AUSTIN (KXAN) — Schools across the state will not receive an A-F rating this school year from the Texas Education Agency due to ongoing disruptions during the COVID-19 pandemic.
Despite that change being announced Thursday afternoon, the TEA reported on its website that the State of Texas Assessments of Academic Readiness (STAAR) test will still proceed as planned. However, for schools that include STAAR results into teacher evaluations, the agency will let them remove that component this school year.
Texas Education Commissioner Mike Morath wrote in a statement, “The issuance of A-F ratings for schools has proven to be a valuable tool to support continuous improvement for our students, allowing educators, parents, and the general public to better identify and expand efforts that are working for kids. But the pandemic has disrupted school operations in fundamental ways that have often been outside the control of our school leaders, making it far more difficult to use these ratings as a tool to support student academic growth. As a result, we will not issue A-F ratings this school year.”
The TEA stated every eligible student must have the STAAR test made available to them by their school system. The agency also shared, “STAAR will continue to be administered only in secure environments to ensure the results remain valid and reliable.”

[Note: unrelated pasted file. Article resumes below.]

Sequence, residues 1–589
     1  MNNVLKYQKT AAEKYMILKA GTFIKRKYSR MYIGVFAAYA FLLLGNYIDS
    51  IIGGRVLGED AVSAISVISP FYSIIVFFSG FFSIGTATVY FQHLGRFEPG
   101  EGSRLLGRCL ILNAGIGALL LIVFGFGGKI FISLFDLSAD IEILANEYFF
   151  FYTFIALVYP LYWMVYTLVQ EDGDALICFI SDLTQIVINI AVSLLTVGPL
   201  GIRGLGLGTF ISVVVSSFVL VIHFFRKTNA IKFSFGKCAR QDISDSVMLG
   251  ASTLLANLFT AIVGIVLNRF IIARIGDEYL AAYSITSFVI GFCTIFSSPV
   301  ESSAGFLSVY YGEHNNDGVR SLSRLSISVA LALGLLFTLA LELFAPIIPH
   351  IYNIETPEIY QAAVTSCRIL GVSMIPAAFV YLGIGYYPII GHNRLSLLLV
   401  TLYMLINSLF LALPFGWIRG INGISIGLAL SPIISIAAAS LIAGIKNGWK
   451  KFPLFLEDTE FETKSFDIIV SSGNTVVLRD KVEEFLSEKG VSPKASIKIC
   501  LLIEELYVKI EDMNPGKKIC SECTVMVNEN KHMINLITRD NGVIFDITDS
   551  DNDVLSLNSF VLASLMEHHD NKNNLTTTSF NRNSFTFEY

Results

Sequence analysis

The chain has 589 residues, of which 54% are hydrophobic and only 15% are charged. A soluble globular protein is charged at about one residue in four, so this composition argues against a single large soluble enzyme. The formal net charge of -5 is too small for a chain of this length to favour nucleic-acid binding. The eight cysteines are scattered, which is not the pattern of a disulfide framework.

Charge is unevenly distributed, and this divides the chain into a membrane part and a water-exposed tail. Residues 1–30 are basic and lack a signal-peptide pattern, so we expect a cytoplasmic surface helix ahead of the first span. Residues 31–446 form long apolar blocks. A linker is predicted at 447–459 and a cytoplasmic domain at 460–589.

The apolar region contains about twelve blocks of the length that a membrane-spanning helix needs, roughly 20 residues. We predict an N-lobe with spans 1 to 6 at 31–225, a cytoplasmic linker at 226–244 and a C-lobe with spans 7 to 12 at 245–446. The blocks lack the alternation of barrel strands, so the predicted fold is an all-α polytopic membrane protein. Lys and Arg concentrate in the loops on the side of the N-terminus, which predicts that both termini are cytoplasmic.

A statement Thursday from the TEA further read, “STAAR results will allow schools, teachers, and parents to see how individual students are performing while also giving education leaders and policymakers across Texas a comprehensive picture of what are likely to be sweeping impacts of the pandemic on student learning, helping policymakers craft solutions for the years ahead. However, the STAAR will not be used for accountability purposes this school year.”
This week high school students across Central Texas began returning to campus to take their end-of-course assessment. For many students, this will be the first time on campus since virtual learning took over earlier this year because of the COVID-19 pandemic.
In November a group of Texas superintendents, education advocates and business leaders asked the TEA to keep the planned STAAR test amid calls to forego the exam this school year. The agency proceeded with requiring students to take it.
The Texas State Teachers Association said the money used to give this test could be used to help keep students and teachers safe in the classroom.
“Everything that TEA is doing is sort of a ‘wait and see,’ and we don’t have time to wait and see. Everyday that TEA tells us to wait and see, another educator gets ill or dies,” said Ovidia Molina, president of the association.
The TEA said the STAAR test will help assess Texas students and measure their knowledge.